A symbolic representation of spiritual truths, growth, and healing
The caduceus has turned up in many varied disguises over the millennia, since pre-Babylonian times. In the CE era the fabled wand or rod, the caduceus, was portrayed as being carried by Hermes in Greek myths as a psychopomp (carrier of the dead to the underworld) and by Mercury in Roman mythology as a messenger of the gods (a muse). A modified caduceus is associated with Aesculapius, the Greek god of healing. His symbol was a rough-hewn staff with a single snake entwining it.
In the classical depiction of the symbol, a staff or rod has a pair of snakes entwined around it and is topped by a pair of wings. Some other depictions carry only a single snake around the central staff and wings, indicating the singularity of the snake as representative of inner life (symbolic of an inherent vibration) rather than the duality of the paired snakes.
We can view this symbol as a triad of components. We have used simple human terms to infer or imbed the qualities inherent in this symbol. The three parts could be summarized as three innate human qualities, but they also contain a much larger grander idea, that of a spiritual reality:
 a single line: integrity (the staff),
 a wavy or curved line(s): flexibility (the snake) and
 a series of dotted lines as light or reflectiveness (the wings).
The staff (integrity) symbolizes the willingness to be one. It infers the idea of a primary contact with the Great Life, the Implicate Reality, and at a personal level with one’s Self, with heaven and with earth. It means wholeness, an integer, complete, order, connected and to stand firm with authority. It conjures up thoughts of honesty, upstanding, a spine, straight, true, and firm.
The snake (flexibility) symbolizes life itself, and growth through change, and infers being alive, wide, expansive, enveloping, and transformative. If integrity has the binary state of 1, then this has the binary state of 0. It is feminine in essence denotes rhythm and the movement of an inner and outer life, and provides the capacity to transform (as a snake sheds its skin). It is about being adaptable, moving out of the box, into the right hemisphere of mythic and narrative thought and ideas. It represents the journey towards the One and represents an Explicit Realty–that which unfolds from the One (implicate).
The wings (reflectiveness) symbolize light–the nur of Understanding, illumination; the information that is carried within the focused (integrity) waveform (like a fiber optic cable) which the previous two symbolize. At a personal level, it is the merging of our reactive (animal) brain to our mythic (R) and analytical (L) brain, when the two hemispheres provide analytical, precise clear vision and also a larger map of our world or present view. It gives us the ability to step back and see the “big picture”, to look at things from a variety of viewpoints, and, when in a state of Grace, to be illuminated.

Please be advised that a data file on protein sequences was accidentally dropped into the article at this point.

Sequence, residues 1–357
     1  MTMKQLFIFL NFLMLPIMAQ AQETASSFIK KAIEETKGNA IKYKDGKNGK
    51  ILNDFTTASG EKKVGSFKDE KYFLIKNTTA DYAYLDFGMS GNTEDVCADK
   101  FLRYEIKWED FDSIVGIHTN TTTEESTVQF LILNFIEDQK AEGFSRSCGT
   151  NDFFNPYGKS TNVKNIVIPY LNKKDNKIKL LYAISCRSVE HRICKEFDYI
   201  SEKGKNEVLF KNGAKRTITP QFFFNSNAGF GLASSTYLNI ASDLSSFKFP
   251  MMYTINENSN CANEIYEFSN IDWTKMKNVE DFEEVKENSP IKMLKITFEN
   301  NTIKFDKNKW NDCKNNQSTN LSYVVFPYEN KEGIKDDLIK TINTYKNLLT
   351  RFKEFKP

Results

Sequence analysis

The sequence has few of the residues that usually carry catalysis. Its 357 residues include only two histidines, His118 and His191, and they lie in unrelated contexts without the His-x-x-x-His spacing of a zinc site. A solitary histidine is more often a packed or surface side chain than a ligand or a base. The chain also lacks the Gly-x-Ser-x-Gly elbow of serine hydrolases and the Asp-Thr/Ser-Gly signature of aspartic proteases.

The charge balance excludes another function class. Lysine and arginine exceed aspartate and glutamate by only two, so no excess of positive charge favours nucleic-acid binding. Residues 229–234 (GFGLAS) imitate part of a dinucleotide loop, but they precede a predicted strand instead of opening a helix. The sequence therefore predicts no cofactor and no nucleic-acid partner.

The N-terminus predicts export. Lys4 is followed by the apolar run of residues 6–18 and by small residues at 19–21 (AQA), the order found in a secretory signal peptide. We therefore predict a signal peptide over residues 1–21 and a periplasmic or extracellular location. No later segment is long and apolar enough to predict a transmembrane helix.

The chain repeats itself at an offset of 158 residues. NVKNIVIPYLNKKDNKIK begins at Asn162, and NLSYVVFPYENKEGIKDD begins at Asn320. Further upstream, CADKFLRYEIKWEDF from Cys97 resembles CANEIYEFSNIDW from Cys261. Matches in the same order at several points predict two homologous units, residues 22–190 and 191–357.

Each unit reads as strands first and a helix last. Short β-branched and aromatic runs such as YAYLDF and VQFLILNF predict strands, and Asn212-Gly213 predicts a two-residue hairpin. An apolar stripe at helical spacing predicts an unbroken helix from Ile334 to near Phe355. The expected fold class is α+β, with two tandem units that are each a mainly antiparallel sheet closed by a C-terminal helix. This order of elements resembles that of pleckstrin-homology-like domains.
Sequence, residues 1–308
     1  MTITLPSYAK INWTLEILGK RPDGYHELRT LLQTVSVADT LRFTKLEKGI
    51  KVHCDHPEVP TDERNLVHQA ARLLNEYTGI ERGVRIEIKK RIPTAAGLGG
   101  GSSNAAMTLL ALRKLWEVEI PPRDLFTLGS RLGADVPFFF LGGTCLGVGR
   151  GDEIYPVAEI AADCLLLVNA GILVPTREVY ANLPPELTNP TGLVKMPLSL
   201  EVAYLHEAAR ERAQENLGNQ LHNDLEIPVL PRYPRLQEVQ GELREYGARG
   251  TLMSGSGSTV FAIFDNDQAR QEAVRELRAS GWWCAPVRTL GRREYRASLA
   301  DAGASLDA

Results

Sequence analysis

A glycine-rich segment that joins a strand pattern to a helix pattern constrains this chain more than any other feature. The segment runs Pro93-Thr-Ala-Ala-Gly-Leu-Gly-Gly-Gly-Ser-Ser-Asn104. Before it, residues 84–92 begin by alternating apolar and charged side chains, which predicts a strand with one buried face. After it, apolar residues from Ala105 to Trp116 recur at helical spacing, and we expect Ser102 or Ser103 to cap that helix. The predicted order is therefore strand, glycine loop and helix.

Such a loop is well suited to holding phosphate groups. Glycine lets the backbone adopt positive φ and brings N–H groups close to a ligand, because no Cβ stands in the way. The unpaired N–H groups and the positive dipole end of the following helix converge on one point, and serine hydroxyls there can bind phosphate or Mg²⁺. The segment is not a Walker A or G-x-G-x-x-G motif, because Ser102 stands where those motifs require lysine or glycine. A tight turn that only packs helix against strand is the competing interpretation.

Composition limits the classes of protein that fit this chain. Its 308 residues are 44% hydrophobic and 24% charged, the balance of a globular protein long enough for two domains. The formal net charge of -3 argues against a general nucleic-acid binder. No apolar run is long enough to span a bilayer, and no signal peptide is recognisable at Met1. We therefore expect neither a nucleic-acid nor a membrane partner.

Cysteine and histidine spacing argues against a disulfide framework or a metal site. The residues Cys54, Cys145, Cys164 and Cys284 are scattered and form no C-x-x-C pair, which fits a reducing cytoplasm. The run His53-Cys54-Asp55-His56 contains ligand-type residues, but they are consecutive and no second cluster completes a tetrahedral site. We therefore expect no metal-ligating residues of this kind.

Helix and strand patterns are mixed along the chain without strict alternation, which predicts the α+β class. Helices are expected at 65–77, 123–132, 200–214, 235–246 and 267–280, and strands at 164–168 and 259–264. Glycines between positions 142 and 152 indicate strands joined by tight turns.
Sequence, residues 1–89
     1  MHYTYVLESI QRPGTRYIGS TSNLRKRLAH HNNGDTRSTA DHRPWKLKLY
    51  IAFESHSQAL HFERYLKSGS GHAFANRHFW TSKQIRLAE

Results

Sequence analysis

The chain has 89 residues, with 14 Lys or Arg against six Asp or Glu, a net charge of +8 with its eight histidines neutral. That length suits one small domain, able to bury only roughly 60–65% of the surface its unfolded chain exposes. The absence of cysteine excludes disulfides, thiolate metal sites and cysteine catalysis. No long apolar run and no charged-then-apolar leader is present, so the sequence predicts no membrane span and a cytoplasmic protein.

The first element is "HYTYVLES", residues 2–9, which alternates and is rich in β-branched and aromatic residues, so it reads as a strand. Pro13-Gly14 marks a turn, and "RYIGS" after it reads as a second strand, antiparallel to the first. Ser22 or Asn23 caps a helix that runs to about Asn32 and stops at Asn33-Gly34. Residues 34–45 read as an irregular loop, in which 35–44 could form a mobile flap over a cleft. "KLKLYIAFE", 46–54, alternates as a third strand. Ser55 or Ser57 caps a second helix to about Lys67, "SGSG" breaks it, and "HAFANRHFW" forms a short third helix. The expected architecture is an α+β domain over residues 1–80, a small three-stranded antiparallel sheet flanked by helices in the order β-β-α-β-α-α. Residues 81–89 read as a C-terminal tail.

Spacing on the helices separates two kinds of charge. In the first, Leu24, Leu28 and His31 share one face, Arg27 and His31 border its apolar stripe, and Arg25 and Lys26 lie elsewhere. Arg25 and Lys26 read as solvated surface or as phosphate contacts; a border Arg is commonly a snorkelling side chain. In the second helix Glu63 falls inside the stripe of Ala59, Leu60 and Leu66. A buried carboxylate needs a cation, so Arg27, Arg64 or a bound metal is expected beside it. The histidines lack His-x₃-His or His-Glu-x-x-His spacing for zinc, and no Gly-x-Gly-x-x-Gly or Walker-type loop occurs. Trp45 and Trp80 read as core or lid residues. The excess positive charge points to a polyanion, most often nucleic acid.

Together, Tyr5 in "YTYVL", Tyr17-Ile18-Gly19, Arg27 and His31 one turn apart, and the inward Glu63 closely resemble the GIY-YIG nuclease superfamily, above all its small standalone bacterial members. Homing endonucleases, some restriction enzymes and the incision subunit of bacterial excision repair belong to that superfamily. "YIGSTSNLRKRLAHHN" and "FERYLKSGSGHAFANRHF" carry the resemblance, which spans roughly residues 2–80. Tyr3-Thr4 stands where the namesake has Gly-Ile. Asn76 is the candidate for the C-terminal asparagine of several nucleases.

In our Human Template Model, the Caduceus acts as a bridge within us, both metaphorically and literally as innate substantial qualities and realities. That is, these three elements each sit between the levels of being that we, as humans, emerge through. They represent the emergent, transformative, and illuminative states that mark our rites of passage; at both an outer and inner way. We have noticed (clinically) that these innate qualities in a human being are often ignored or hidden, absent or vestigial, and often culturally shunned as qualities. This infers that the human is unable to grow and develop, and this disorganization at an interior level then shows up as a disorganization, chaotic, or psychotic process in our outer somatic or psychic bodies.
Consequently, we began to understand that two other qualities needed to be ‘added’ to the old model of the caduceus to update it. We saw that those who were in disorder, illness, or general disturbances needed some higher ideals to help them reorganize and find health. Accordingly, we have added two additional components to this traditional model:
 A dove, symbolic of the descent of Grace. This fourth quality or human capacity is to surrender/submit to something Higher, rather than things lower. A person can ‘let go’ or surrender what is carried within them. At the same time, to open to guidance from this Higher Source. This surrender asks the client to find their connection to the Divine (the Great Life) so that they can be given relief from what they carry, a new sense of what to do, and guidance in the light of their state.
 Lastly, we have employed the symbol of a gem, symbolic of the sense of value that develops within us, through the direct action of the Divine. For many of us, our values correspond to more earthly things that may actually suffocate, hide, or seduce and prevent us from realizing our innate values. This lack of value or self-esteem appears to be one of the great contributing factors to lives that are not fulfilled. We see the gem, portrayed as a diamond–as Love that descends as if the Implicate bestows value upon that which has become One with ‘itself’, at some level within the person’s being.
Integrity and the Staff (in therapeutic work)